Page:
Even if interest rates continue to be as volatile this year as last year, sellers can expect to pay fewer points when their homes are purchased with FHA-insured mortgages.
Both Congress and the Reagan administration have urged the Department of Housing and Urban Development to adjust the FHA rate ceiling closer to the market. That means sellers will put up fewer point -- the percentage of the face value of a mortgage -- to bridge the difference between FHA and other interest rates.
In 1980 former commissioner Larry Simons waited until points crept up to 10 or more before raising the FHA ceiling.
He reasoned that changing the rate too often destabilized the sale of FHA mortgages in the secondary market, principally the market for Government Mortgage Association mortgage-baked securities know as Ginnie Mae.
Simons' approach came under fire in the last Congree. Legislators complained that high points cut into sellers' profit margins and inflated housing prices.
Seller often increased their asking prices to absorb the cost of high points. To prevent high points in the future, the Senate added language in the Housing and Community Development Act of 1980 that called on HUD "to minimize" points in times of rising interest rates.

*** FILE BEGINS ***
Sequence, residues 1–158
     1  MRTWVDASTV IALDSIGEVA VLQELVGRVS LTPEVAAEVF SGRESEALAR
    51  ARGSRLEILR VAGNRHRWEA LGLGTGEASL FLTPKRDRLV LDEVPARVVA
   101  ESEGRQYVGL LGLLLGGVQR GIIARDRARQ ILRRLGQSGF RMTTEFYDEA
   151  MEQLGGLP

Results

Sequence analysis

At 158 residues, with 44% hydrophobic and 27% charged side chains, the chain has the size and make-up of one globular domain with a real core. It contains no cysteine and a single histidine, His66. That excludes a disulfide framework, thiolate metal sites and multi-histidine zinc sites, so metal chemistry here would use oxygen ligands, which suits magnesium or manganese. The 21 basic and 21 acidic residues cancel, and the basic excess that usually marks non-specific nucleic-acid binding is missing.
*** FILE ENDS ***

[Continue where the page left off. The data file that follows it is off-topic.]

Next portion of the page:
The Reagan administration will eagerly follow that dictate, a HUD economist explains, because it will support the president's tight monetary policy.
The economist predicts that from now on Hud won't let points get any higher than seven or eight before changing the ceiling. Senate Democratic staff aides think that guideline is still to lenient.
The first indication of HUD's new policy came a few weeks ago when the agency lifted the FHA rate for single-family mortgages from 13 1/2 percent to 14 percent. although the increase came at a time when short-term rates were drifting down, long-term rates remained high because investors feared the uncertainties of the long-term market, the HUD economist explains.
Points were at about seven or eight when the FHA rate was increased and had been that way for a week or so. There are indications HUD may be even quicker to act next time.
If the FHA rate becomes more responsive to other interest rates, the housing market might benefit, especially when rates begin to decline, another HUD analyst points out. "S&Ls don't like to move the rate a lot" and therefore won't act as quickly as FHA, he believes.
However, National Association of Home Builders economist Robert Sheehan doesn't see much difference in the new approach. He points out that there's no sales activity at 14 percent anyway.
Eventually, the FHA rate may be adjusted directly by market forces. The last Congress also requested that 10 percent of all FHA mortgages be set at a rate negotiated between buyers and sellers. Procedures for this demonstration project have been held up as part of Reagan's 60-day regulatory freeze.